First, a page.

‘In 1947, my family was loaded on to buses and forced to go across the border to the newly-born Pakistan. Women and men of that generation would have never thought that our borders would turn adamantine. They all died, longing for a handful of dirt from their ancestral Panipat so that they could die in peace even if in an unfamiliar land. There are people in my generation, Indians, who say that they recited the last Fatiha for their living families who ‘migrated’ to the other side at the time of Partition. They placed a closure and forced themselves to turn themselves away. I am not among them. I am like Prometheus, the Mythical Greek who rolled the stone up the mountain, with every ounce of his strength only to see it roll down each time. I have still not given up.’ Even as the National Security Adviser (NSA) level talks between India and Pakistan collapsed earlier this month, once again escalating cross border tensions and endangering the lives of women and men along the LOC, Former Member of India's Planning Commission, Syeda Hameed, who has been part of many groups and movements that have tried to open windows of understanding in the rigid walls of hate, made her way to Lahore from Attari. She records her experience of the deteriorating relations on the ground with the hope that the voices of reason will not be drowned in the cacophony ‘popular sentiment’.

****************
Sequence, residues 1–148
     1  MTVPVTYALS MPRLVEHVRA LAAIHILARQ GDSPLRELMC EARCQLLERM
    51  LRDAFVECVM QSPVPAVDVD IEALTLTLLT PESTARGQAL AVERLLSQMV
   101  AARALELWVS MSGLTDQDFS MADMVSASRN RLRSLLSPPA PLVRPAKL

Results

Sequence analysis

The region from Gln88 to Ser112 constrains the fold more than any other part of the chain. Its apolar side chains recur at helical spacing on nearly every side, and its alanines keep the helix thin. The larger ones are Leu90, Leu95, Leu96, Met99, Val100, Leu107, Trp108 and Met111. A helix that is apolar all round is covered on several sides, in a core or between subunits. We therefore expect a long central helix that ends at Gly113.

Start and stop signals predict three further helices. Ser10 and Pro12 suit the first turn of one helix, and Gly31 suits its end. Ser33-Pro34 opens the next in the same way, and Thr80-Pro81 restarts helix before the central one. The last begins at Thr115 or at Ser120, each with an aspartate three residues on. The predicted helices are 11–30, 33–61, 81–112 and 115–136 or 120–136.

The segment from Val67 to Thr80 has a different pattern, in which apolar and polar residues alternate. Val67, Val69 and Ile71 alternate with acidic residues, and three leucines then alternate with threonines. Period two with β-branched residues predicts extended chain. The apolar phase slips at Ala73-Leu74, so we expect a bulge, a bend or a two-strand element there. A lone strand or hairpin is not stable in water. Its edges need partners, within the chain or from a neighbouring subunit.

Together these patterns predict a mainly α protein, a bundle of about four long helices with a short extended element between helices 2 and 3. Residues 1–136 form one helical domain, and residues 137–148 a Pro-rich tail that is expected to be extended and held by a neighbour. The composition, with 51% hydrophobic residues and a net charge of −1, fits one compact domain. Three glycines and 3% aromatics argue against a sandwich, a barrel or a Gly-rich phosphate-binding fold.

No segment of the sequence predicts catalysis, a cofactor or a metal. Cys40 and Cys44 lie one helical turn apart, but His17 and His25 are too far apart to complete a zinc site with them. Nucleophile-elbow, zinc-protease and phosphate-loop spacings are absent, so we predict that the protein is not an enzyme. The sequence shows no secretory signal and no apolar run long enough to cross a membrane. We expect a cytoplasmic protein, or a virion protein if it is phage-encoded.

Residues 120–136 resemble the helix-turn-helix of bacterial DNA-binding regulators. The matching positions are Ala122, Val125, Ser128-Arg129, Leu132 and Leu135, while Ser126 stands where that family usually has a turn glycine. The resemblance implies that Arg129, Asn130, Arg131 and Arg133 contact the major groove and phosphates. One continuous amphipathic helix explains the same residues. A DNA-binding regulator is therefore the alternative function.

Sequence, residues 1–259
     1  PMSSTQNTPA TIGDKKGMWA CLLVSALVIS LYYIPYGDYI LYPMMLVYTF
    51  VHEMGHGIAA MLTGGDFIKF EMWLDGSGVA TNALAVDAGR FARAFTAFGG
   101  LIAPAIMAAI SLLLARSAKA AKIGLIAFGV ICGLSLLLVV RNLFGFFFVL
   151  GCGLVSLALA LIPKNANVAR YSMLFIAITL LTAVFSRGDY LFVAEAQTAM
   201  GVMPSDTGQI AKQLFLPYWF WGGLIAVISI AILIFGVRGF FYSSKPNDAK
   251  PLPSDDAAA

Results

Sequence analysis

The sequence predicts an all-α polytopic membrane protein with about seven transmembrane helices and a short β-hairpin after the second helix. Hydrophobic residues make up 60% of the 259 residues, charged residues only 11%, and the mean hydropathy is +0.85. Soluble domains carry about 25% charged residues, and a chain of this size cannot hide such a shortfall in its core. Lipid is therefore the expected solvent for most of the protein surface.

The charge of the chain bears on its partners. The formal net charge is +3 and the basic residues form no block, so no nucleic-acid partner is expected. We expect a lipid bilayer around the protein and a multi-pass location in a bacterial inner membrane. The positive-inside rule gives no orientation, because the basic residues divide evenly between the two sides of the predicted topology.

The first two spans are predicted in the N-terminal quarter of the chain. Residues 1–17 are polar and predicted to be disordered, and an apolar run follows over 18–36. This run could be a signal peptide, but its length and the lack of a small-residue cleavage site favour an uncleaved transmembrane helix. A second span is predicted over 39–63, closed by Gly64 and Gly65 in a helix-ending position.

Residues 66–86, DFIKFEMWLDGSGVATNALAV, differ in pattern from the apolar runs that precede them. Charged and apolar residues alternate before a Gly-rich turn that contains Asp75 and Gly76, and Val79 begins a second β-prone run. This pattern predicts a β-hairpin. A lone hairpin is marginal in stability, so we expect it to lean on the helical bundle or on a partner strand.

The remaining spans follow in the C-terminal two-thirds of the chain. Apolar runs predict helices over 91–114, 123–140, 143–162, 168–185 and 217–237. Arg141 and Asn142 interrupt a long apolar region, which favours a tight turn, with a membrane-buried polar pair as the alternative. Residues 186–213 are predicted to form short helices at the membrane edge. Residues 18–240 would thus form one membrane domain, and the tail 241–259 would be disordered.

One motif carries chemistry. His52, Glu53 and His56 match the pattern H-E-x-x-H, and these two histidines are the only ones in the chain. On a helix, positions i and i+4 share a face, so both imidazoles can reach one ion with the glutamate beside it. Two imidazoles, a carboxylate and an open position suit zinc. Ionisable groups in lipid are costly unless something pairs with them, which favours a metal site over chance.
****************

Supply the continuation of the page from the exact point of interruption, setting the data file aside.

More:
‘Mine is the third generation that has suffered the consequence of this post colonial geopolitics. We have to pressure our elected governments on both sides to find a way out.’

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United States
More Women In The Newsroom, A Smart Business Move